Mistress Arrangements

By: Helen Bianchin

In seven years there had been no contact whatsoever.

It seemed incredibly ironic that Stefano should reappear at a time when she’d been forced to accept that he was the last ace in her pack should she have to raise more money for Ann-Marie’s medical expenses.

Where her daughter’s well-being was concerned there was no contest. Even it if meant sublimating her own personal reservations, and effecting a confrontation. His power and accumulated wealth could move figurative mountains, and if it was necessary she wouldn’t hesitate to beg.

Carly caught the lower edge of her lip between two sharp teeth, then winced in silent pain as she unconsciously drew blood.

The desire to make some excuse and leave was strong. Yet only cowards cut and ran. This time she had to stay, even if the effort almost killed her.

Carly found each minute dragged interminably, and more than once her eyes strayed across the room to where Stefano Alessi stood conversing with Clive Mathorpe and two senior partners.

In his presence, all other men faded into insignificance. There was an exigent force apparent, which, combined with power and sexual magnetism, drew the attention of women like bees to a honeypot.

It was doubtful there was one female present whose pulse hadn’t quickened at the sight of him, or whose imagination wasn’t stirred by the thought of being able to captivate his interest.

Carly waited ten minutes after Stefano left before she crossed the room to exchange a few polite pleasantries with Clive Mathorpe and his wife, then she slipped quietly from the house and walked quickly down the driveway to her car.

Safely behind the wheel, she activated the ignition and eased the car forward. A quick glance at the illuminated dashboard revealed it was nine-thirty. One hour, she reflected with disbelief. For some reason it had seemed half a lifetime.

Stefano Alessi’s disturbing image rose up to taunt her, and she shivered despite the evening’s warmth. He represented everything she had come to loathe in a man.

For one brief milli-second she closed her eyes, then opened them to issue a silent prayer that fate wouldn’t be so unkind as to throw her beneath his path again.

It was a relief to reach the sanctuary of her apartment building, and after garaging the car she rode the lift to the third floor.

‘Hi,’ Sarah greeted quietly as Carly entered the lounge. ‘Ann-Marie’s fine. How was the evening?’

I met Ann-Marie’s father, she longed to confide.

Yet the words stayed locked in her throat, and she managed to relay an informative account as they shared coffee together, then when Sarah left she checked Ann-Marie before entering her own bedroom, where she mechanically removed her make-up and undressed ready for bed.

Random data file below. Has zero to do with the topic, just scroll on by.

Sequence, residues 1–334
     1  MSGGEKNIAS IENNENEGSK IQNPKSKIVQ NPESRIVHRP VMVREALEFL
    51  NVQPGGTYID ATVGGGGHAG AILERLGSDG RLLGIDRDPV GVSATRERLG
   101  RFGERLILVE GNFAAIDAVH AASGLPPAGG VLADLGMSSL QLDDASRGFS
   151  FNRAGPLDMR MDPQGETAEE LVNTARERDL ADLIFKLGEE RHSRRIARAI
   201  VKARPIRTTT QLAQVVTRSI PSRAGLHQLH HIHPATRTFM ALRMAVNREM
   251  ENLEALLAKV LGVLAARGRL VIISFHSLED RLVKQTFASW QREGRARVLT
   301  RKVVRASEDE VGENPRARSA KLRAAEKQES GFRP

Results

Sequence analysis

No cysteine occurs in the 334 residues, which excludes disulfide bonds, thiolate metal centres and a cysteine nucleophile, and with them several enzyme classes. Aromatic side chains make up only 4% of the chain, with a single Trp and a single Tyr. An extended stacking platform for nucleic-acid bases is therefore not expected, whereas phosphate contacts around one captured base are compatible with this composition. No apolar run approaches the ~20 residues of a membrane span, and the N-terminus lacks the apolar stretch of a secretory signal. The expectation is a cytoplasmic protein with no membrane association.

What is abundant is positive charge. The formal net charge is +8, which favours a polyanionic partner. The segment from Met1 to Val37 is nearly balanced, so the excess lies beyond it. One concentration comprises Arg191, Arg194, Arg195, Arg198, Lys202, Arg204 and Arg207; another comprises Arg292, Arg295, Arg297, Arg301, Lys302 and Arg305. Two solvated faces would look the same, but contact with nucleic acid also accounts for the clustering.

Sleep had never seemed more distant, and she tossed restlessly from one side to the other in a bid to dispel a flood of returning memories.

Haunting, invasive, they refused to be denied as one by one she began to recall the angry words she’d exchanged in bitter argument with a man she’d chosen to condemn.


CARLY SLEPT BADLY, haunted by numerous dream sequences that tore at her subconscious mind with such vivid clarity that she woke shaking, shattered by their stark reality.

A warning, perhaps? Or simply the manifestation of a fear so real that it threatened to consume her?

Tossing aside the covers, she resolutely went through the motions entailed in her early morning weekday routine, listening to Ann-Marie’s excited chatter over breakfast as she recounted events from the previous evening.

When pressed to reveal just how her evening had turned out, Carly brushed it off lightly with a smile and a brief but satisfactory description.

It was eight-thirty when Carly deposited Ann-Marie outside the school gates, and almost nine when she entered the reception area of Mathorpe and Partners.

There were several files on her desk demanding attention, and she worked steadily, methodically checking figures with determined dedication until mid-morning when she reached for the phone and punched out a series of digits.

The specialist’s receptionist was extremely polite, but firm. Ann-Marie’s results could not be given over the phone. An appointment had been set aside this afternoon for four o’clock.

It sounded ominous, and Carly’s voice shook as she confirmed the time.

The remainder of the day was a blur as anxiety played havoc with her nervous system, and in the specialist’s consulting-rooms it was all she could do to contain it.

Consequently, it was almost an anticlimax when she was shown into his office, and as soon as she was comfortably seated he leaned back in his chair, his expression mirroring a degree of sympathetic understanding.

‘Ann-Marie has a tumour derived from the supporting tissue of the nerve-cells,’ he informed her quietly. ‘The astrocytoma varies widely in malignancy and rate of growth. Surgery is essential, and I recommend it be carried out as soon as possible.’

Carly’s features froze with shock at the professionally spoken words, and her mind immediately went into overdrive with a host of implications, the foremost of which was money.

‘I can refer you to a neuro-surgeon, someone I consider to be the best in his field.’ His practised pause held a silent query. ‘I’ll have my nurse arrange an appointment, shall I?’

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